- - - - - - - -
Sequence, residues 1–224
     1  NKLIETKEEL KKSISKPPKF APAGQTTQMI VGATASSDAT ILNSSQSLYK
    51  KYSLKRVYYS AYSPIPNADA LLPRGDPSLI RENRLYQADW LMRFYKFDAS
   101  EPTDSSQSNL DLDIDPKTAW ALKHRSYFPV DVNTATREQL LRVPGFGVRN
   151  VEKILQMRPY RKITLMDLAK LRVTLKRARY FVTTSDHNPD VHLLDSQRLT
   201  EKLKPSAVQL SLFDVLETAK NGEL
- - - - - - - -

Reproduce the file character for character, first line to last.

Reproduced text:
Sequence, residues 1–224
     1  NKLIETKEEL KKSISKPPKF APAGQTTQMI VGATASSDAT ILNSSQSLYK
    51  KYSLKRVYYS AYSPIPNADA LLPRGDPSLI RENRLYQADW LMRFYKFDAS
   101  EPTDSSQSNL DLDIDPKTAW ALKHRSYFPV DVNTATREQL LRVPGFGVRN
   151  VEKILQMRPY RKITLMDLAK LRVTLKRARY FVTTSDHNPD VHLLDSQRLT
   201  EKLKPSAVQL SLFDVLETAK NGEL